- The Bank of Valletta sustained a hacking attack and retracted multiple transactions that stole €13 million from their assets.
- The payment systems are still down, as chaos starts to set in big shops like supermarkets.
- The Prime Minister tried to appease the public with a statement made on the Maltese parliament.
According to the Times of Malta, the Bank of Valletta has detected a hackers’ intrusion yesterday and pulled the plug from all their systems to prevent any compromise of their funds. As reported, the hackers tried to move 13 million in Euros across banks located in the UK, Czech, Hong Kong, and the US. To stop this from happening, all of the bank’s services including web-banking, email services, ATMs, and even the website were taken offline. As a result, the attack was successfully inhibited, and no funds were compromised after all.
Not all services have been restored yet, as the bank doesn’t intend to risk it before 100% safety is assured. This means that the largest financial institution in one of the most active markets in the E.U. is now down, not allowing payment processing or transactions through “point-of-sale” terminals. The following reassuring tweet was also published by the bank’s handle yesterday:
BOV would like to inform its customers that it has temporarily suspended its operations following a malicious external attempt on its systems.
The Bank would like to assure its clients that customer accounts and their funds are in no way impacted or compromised.
— Bank of Valletta (@BOVtweets) February 13, 2019
As clarified by Malta’s Prime Minister, Joseph Muscat, the funds were actually transferred but could be traced and reversed within 30 minutes. He went on to highlight the bank’s robustness and readiness to respond to threats like this one and assured that the 12000 people who are to receive their social security payments tomorrow will get them through cheques if necessary.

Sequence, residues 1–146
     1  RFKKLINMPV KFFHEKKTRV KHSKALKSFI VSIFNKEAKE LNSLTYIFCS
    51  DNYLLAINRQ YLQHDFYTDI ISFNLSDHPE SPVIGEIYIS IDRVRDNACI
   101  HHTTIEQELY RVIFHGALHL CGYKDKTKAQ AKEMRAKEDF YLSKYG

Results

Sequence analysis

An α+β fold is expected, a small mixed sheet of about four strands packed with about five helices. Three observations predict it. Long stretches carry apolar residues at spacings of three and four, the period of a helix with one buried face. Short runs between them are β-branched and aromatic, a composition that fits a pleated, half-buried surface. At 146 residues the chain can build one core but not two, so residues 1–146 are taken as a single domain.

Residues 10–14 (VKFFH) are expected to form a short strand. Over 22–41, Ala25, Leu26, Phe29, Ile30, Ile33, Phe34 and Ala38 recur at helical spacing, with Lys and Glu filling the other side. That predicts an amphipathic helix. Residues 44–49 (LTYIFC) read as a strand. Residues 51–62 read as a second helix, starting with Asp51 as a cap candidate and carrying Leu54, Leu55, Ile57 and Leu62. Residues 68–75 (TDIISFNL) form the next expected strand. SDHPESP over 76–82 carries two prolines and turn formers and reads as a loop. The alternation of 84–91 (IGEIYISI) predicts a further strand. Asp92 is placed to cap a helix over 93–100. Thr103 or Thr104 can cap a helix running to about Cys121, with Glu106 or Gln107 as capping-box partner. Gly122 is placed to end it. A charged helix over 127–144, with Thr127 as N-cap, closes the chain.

The shop owners are in a direr position however, as POS systems are down and they can’t receive electronic or card payments. Calling the Bank of Valletta didn’t help them in getting informed about when the payment system will be back online, as the bank’s communication systems are down as well. Big shops like supermarkets are the most adversely affected right now, as the situation in their cash registers is starting to take a chaotic stretch. The APS Bank of Malta has also announced that they decided to suspend parts of its services including ATMs, as well as all transactions and payments between their network and the Bank of Valletta. This is a precautionary measure that causes a further disturbance in the small country’s operations.
Bank heists like the one attempted against the Bank of Valletta are not extraordinary really, as banks are expected to have the people’s money online and available for transactions to take place at any given moment, while at the same time they have to secure them from hackers. This balance is a tricky one to achieve, and attackers know it very well. Last year, we reported on a similar scheme that hit the Cosmos Bank in India, as well as how APT38 has stolen about $100 million over the last five years.